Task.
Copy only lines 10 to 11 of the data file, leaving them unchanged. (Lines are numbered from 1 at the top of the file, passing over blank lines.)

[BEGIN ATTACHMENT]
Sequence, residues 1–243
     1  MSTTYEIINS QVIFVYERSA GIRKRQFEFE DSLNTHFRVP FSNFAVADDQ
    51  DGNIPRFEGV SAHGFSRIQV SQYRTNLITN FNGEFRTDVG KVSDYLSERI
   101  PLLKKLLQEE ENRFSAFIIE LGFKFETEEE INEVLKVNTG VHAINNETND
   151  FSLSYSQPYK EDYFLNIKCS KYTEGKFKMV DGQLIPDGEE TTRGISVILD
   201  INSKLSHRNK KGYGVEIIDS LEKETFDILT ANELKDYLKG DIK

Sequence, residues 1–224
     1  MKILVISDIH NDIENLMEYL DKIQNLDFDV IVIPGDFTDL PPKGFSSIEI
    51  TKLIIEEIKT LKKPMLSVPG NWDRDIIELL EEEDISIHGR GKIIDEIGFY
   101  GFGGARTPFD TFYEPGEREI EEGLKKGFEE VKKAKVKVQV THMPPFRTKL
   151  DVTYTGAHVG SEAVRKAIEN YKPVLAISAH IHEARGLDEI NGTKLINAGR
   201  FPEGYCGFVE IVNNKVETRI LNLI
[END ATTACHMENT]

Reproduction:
   101  GFGGARTPFD TFYEPGEREI EEGLKKGFEE VKKAKVKVQV THMPPFRTKL
   151  DVTYTGAHVG SEAVRKAIEN YKPVLAISAH IHEARGLDEI NGTKLINAGR